In 1912, Eva Rider became the first woman bailiff in the United States when she was appointed by an El Dorado judge.
Under a judge’s direction, she installed Kansas’ first all-woman jury. It made national news at the time because women had yet to receive the right to vote in national elections. Kansas approved equal suffrage in the 1912 election, thus making the Kansas women qualified to serve on a jury.
El Dorado Judge Granville Aikman said of the first woman jury, “I desire the honor of presiding over the first trial in which their new rights are exercised.”
The court case was H.H. Boeck v. Carrie M. Schreiber et al. The case had been heard before by an all-man jury, which could not come to a decision. The case determined that Boeck had bought a quarter section of land in Gove County from Carrie Schreiber but that she misrepresented the actual value of the land. She died before the case could be settled, which made her husband, Henry, the defendant in the case.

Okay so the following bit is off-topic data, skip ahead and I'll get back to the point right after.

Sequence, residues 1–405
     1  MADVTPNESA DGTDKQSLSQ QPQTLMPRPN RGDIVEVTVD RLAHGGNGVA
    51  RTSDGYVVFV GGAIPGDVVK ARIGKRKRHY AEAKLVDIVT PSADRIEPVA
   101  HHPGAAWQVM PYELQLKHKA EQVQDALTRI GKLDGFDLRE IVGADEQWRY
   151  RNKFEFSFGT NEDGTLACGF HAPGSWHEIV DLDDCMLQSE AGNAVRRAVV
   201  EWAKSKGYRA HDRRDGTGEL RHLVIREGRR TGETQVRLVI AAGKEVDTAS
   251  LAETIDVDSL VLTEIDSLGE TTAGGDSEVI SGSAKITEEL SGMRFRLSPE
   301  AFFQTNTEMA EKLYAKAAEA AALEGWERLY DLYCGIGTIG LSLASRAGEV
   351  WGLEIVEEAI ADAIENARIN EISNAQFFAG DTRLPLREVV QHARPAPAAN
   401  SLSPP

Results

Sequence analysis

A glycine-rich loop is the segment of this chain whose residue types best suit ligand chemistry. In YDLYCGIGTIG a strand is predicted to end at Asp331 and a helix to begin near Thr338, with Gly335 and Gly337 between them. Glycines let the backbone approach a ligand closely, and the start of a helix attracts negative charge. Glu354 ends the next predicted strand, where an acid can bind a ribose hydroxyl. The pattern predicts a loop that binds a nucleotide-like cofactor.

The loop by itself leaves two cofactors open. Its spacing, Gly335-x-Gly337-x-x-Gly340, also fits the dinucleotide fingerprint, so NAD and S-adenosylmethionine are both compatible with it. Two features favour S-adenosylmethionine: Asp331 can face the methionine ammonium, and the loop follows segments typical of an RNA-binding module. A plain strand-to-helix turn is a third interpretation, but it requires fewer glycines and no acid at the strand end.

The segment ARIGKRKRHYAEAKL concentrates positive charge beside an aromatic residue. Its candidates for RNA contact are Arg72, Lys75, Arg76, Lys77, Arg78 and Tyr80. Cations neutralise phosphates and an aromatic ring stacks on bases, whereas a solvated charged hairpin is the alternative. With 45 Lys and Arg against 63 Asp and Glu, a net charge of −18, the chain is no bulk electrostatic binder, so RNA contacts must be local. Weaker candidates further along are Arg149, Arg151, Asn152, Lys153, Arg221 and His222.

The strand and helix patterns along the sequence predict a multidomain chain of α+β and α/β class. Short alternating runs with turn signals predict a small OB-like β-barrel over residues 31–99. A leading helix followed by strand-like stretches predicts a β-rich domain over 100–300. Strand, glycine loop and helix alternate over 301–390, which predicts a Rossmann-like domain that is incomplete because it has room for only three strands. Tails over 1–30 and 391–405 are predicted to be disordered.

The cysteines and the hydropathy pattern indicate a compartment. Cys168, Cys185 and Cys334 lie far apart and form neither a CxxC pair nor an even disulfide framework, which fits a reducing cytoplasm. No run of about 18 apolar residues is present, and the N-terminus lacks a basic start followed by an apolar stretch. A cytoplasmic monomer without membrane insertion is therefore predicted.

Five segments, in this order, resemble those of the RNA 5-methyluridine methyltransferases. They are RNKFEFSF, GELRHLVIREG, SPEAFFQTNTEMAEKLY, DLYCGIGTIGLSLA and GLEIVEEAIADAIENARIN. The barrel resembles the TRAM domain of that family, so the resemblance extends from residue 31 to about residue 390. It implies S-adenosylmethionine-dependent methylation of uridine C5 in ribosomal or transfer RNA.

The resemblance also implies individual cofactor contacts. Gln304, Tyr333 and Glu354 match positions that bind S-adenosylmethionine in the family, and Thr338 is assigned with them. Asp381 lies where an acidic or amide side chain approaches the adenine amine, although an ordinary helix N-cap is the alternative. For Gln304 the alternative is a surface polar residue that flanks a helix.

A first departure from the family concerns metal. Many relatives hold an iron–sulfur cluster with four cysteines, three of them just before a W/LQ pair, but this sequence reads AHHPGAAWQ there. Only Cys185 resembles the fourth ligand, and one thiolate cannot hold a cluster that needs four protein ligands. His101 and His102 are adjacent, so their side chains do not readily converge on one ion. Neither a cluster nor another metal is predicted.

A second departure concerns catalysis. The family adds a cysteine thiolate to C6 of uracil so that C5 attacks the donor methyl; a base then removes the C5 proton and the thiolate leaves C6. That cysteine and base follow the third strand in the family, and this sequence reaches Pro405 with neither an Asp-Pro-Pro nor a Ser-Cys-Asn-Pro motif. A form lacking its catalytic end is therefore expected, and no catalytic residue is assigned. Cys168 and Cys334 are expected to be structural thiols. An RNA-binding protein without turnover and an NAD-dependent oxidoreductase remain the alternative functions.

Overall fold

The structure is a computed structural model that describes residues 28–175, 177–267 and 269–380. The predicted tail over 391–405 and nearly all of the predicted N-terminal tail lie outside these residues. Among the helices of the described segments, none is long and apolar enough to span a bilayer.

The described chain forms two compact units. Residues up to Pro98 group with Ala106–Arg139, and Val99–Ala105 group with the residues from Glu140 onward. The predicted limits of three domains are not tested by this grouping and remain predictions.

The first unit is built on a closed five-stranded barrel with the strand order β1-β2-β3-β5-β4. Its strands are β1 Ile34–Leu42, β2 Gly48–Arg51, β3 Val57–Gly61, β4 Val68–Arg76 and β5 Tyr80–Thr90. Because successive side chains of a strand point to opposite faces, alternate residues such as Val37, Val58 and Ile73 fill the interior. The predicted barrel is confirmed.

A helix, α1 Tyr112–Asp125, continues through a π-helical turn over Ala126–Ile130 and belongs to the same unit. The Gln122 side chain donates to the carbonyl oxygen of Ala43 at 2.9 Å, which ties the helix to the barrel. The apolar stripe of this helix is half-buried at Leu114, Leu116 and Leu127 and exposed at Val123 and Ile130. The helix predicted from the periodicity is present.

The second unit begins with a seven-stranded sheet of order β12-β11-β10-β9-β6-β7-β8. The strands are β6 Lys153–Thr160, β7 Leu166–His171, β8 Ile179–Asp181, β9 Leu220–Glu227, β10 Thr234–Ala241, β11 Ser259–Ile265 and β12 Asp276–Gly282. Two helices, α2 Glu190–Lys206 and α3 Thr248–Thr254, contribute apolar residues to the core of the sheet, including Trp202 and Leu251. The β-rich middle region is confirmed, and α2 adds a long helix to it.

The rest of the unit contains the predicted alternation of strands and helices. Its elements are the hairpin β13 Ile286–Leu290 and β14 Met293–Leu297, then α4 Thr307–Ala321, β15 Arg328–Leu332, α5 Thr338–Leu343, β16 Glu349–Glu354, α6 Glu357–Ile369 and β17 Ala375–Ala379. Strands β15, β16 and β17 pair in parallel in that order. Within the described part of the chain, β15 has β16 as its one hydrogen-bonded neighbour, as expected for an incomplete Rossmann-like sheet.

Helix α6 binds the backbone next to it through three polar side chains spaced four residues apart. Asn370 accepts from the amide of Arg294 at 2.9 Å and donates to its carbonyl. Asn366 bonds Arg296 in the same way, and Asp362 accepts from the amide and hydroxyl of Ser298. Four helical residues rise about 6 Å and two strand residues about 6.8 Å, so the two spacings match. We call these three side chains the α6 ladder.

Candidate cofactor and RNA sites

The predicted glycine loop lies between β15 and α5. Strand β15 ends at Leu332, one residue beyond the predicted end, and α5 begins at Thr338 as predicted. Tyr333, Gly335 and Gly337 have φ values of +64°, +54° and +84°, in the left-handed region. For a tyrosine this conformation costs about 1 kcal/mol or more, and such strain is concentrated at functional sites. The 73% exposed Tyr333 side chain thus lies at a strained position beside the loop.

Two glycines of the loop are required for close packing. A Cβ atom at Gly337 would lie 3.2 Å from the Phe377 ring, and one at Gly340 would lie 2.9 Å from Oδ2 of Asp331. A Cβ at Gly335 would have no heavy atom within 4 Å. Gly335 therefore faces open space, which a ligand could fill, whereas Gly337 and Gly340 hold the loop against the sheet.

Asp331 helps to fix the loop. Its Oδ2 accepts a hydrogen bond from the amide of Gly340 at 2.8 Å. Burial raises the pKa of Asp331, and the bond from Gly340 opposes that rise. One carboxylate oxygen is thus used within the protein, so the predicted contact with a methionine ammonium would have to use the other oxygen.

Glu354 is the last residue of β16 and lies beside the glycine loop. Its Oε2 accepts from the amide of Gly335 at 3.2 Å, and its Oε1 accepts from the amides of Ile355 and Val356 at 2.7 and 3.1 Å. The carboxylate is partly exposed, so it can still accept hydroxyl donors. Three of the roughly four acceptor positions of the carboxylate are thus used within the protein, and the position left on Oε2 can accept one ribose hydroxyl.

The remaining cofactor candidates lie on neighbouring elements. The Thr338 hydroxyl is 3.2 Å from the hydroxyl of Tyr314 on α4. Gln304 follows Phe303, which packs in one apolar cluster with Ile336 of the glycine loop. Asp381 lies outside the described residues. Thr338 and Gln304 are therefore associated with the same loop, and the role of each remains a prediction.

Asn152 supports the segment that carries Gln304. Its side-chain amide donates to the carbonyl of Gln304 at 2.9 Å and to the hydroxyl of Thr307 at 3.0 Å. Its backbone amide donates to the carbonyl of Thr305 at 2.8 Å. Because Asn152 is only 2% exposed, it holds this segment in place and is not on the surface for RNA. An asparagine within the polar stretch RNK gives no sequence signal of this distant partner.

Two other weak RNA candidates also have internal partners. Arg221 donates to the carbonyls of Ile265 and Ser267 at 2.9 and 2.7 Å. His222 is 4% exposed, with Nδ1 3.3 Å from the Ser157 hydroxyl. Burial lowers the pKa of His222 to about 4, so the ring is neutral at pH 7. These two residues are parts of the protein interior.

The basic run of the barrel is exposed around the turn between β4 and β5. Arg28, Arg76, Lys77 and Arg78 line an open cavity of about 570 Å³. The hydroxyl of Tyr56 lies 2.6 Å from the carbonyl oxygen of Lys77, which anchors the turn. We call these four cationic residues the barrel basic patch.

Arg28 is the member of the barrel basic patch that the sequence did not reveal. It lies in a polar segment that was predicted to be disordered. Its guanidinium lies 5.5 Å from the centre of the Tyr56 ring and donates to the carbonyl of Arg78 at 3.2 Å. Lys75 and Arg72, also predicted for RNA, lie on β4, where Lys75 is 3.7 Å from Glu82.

When Rider installed the first all-woman jury, only one woman declined to serve – Edna Smith, who said she did not believe in women’s suffrage and did not believe women should vote or serve on juries.
She was excused by the judge.
Editorials about the women appeared in newspapers throughout the nation.
The jurors were: Hattie Riley Ritcherdson, Maggie Clark, Geneva Selig, Agnes Foulks, Frances Boston, Genevieve Munson, Rachel Stewart, Anna Ruddick, Esther Kirkpatrick, Blanche Cron, Nannie Elson and Clara Willis.
Question: What was the first action the all-woman jury took?
The contest ends Dec. 31.
Answer to Sunday’s question: The two types of broomcorn raised in the Wichita area were standard and dwarf. Standard grew to a height of 10 to 11 feet, and dwarf to 4 to 5 feet.
Check back in this spot Tuesday for the answer to today’s question.